> the git commandline would never encourage you to venture even close.
I mentioned earlier in this thread that because Magit is so compelling I
use it to induce susceptible colleagues to try emacs. Let me elaborate.
I work at a company that is trying to up its software engineering
practices. An important part of that effort is mandating code reviews.
That alone though does not result in particularly useful reviews or
feedback. The main obstacle is that developers work until a task is
complete and then submit all of their changes as a single, overwhelming
There are developers within the company who are familiar with patch
series culture as exemplified by the Gnu/Linux kernel. Others, though
having no first hand experience, understand the ideas and acknowledge
that offering code for review as a well groomed patch series would be
a big improvement. The problem is that in the real world code never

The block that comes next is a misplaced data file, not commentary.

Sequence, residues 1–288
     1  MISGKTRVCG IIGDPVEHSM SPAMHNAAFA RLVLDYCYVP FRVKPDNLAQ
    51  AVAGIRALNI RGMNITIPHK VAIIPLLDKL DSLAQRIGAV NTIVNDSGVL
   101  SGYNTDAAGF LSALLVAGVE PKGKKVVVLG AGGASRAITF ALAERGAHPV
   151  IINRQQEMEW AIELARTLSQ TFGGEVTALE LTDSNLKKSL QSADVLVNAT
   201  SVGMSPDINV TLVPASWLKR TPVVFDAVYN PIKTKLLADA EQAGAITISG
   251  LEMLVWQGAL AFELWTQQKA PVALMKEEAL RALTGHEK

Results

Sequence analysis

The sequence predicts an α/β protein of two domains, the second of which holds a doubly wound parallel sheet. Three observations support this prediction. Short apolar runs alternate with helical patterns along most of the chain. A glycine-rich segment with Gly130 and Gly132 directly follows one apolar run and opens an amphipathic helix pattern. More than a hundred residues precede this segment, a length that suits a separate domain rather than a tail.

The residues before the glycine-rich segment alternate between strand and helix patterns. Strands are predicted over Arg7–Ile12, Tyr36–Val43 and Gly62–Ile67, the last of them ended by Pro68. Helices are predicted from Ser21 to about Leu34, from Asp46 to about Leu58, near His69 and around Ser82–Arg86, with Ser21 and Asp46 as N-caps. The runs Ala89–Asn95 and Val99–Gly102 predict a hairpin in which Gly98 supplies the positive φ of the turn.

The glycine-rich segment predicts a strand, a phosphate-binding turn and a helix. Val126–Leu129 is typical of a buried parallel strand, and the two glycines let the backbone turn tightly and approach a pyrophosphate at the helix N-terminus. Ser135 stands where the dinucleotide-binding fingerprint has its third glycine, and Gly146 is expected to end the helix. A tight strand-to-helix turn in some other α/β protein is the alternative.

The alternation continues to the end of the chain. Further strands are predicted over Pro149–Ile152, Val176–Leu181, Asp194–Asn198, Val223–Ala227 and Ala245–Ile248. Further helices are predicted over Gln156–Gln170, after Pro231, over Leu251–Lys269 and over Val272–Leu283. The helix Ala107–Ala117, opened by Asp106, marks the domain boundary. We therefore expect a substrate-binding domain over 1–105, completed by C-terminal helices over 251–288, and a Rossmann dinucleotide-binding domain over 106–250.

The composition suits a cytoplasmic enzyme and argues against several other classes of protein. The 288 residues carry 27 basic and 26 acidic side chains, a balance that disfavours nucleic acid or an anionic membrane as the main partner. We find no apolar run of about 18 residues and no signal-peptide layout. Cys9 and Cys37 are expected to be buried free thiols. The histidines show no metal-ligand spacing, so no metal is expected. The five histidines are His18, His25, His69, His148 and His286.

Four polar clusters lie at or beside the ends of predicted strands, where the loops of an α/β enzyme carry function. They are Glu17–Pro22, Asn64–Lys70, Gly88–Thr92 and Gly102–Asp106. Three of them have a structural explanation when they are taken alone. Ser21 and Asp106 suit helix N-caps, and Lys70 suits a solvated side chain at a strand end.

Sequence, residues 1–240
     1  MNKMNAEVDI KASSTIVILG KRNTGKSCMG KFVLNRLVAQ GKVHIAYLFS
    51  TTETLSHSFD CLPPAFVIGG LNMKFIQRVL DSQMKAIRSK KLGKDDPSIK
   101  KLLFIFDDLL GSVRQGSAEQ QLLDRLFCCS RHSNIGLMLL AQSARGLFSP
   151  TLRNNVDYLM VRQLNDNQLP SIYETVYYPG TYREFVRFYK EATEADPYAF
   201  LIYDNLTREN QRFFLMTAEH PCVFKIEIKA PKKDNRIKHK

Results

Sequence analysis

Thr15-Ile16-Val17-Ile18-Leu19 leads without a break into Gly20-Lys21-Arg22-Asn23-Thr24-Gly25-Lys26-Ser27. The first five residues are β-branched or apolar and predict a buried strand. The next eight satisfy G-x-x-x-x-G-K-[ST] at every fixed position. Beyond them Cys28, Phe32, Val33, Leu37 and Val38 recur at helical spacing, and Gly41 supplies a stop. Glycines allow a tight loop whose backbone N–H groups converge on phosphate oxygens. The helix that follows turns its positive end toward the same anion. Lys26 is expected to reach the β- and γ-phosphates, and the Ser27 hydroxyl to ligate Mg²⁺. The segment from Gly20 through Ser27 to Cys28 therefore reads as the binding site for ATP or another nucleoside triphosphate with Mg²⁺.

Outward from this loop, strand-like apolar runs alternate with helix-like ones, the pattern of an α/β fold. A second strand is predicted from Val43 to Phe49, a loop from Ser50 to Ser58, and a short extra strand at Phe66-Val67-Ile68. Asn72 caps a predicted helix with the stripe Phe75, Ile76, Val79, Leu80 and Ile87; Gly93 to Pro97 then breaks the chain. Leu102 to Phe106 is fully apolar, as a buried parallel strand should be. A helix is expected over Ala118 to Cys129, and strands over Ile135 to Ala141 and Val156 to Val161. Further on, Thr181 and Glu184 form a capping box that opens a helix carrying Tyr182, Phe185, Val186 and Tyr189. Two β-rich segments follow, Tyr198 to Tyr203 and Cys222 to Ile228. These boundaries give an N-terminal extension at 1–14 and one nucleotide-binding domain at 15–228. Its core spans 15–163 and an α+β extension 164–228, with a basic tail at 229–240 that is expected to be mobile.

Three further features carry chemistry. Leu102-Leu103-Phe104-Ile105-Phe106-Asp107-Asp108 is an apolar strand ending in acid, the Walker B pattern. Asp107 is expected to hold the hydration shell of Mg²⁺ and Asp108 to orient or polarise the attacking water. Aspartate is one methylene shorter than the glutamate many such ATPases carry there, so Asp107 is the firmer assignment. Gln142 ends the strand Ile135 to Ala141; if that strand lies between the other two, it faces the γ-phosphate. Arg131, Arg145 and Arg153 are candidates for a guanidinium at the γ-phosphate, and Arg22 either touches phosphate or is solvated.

gets designed / authored / debugged such that it emerges naturally as
an intelligible, coherent patch series. It takes real work to extract
such a series. And of course most developers have absolutely no idea
idea how they would go about turning a workspace or even a chaotic
series of incremental commits into such a series.
That is where Magit shines. It allows one to move arbitrary chunks
of code forward and back among a sequence of commits. As such it
gives a developer a concrete visualization of the emerging commits
and their contents. Nor is one restricted to moving hunks identified
by a diff tool. In Magit a chunk can just as easily be an arbitrary
When I demo Magit for my colleagues they immediately get excited.
It makes it clear that fostering a patch series culture need not be
a pipe dream.
To date I am unaware of any other tool on any platform offering
Were an emacs user to ask me to suggest a package (s)he should use
to interact with git I would always plug Magit. Not that I would
discourage learning VC. Clearly (as Raman has explained) VC has a
role. Magit though alters how one thinks about presenting one's
coding efforts to the greater world.